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Scratching the Surface

The J. B. White site

 

 

 

 

J. B. White wrote of the archeological richness of Milam County in the late 1930s, a time when Texas archeology was in its infancy. White was an artifact collector, as will be apparent in reading his article, but he recognized the need for and urged archeological study of the area.  Download J. B. White article as a pdf file.

 

 

 

 

In a 1937 article entitled “Milam County, The Future Field for Archeologists” published in a small journal called the Central Texas Archeologist, avocational archeologist J. B. White wrote of his expeditions through the area and reported on the sites he had discovered. He spoke of “numerous villages” and campsites along stream banks and wondered about the ancient peoples that “time had erased from the prairies.”

His methods were unsophisticated: White was an artifact collector—on a very large scale—as were many of his era, yet he recognized the value of and need for archeological research in this significant region.  Today, more than half a century later, few of the sites he discovered are known to archeologists, and even fewer have been professionally excavated. Many have been destroyed by the continuing development of rural and urban areas. Many others have been dug up by artifact collectors out of curiousity and sometimes just plain greed.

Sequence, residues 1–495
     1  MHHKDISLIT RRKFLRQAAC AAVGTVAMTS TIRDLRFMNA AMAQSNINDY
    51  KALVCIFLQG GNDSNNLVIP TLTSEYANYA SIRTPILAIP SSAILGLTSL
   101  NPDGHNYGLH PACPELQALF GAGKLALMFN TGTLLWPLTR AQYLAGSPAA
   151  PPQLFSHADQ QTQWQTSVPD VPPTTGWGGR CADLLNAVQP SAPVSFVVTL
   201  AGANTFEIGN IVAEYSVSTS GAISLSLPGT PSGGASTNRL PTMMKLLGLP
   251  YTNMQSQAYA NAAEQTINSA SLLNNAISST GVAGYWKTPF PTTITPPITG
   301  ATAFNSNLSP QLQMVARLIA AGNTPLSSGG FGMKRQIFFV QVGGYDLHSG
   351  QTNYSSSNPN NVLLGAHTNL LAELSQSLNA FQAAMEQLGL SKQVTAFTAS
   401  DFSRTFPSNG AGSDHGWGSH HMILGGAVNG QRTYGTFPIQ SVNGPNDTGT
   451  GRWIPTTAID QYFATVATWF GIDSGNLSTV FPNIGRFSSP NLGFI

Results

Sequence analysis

Yet some sites in the area survive more or less intact and still have the potential to yield badly needed scientific data. We can only hope that concerned landowners will continue to protect some archeological sites for the future. The science of archeology continues to develop new and improved ways of excavating and analyzing prehistoric sites. Perhaps one day proper excavations will take place at a series of these surviving sites. Such work would fill in the many gaps in our understanding of the prehistory of the Little River region and provide greater insights into the connections between the Late Prehistoric hunter-gatherers of central Texas and the contemporary agricultural villagers who settled the the Pineywoods of east Texas.

Some of the larger “Indian villages” noted by Mr. White almost certainly date to the same time period as the J. B. White site, and they must include the places where the people lived and visited when not at the J. B. White site. Excavations at these villages would provide information that could complete the picture of prehistoric life along the Little River that work at the J. B. White site has just barely scratched the surface of. Much remains to be discovered or rediscovered and thoughtfully brought to scientific and public attention.

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Photo of sunrise
Sunrise over the J. B. White site, a Late Prehistoric campsite which yielded tantalizing clues to trading networks between eastern and central Texas groups.  Many more such excavations are needed to understand the prehistory of this part of Texas.

 

 

 

Today, few of the sites White discovered are known to archeologists, and even fewer have been professionally excavated. These other sites surely would fill in the gaps in our understanding of the prehistory of the Little River region.